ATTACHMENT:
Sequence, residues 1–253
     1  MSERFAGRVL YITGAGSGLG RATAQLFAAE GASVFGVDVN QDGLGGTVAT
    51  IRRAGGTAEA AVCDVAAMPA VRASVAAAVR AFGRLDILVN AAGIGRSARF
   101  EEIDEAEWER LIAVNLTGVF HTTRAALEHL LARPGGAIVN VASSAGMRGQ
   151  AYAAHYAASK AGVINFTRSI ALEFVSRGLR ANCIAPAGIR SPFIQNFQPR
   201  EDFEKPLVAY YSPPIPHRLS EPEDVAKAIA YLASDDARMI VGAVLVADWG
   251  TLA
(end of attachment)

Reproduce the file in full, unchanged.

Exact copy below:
Sequence, residues 1–253
     1  MSERFAGRVL YITGAGSGLG RATAQLFAAE GASVFGVDVN QDGLGGTVAT
    51  IRRAGGTAEA AVCDVAAMPA VRASVAAAVR AFGRLDILVN AAGIGRSARF
   101  EEIDEAEWER LIAVNLTGVF HTTRAALEHL LARPGGAIVN VASSAGMRGQ
   151  AYAAHYAASK AGVINFTRSI ALEFVSRGLR ANCIAPAGIR SPFIQNFQPR
   201  EDFEKPLVAY YSPPIPHRLS EPEDVAKAIA YLASDDARMI VGAVLVADWG
   251  TLA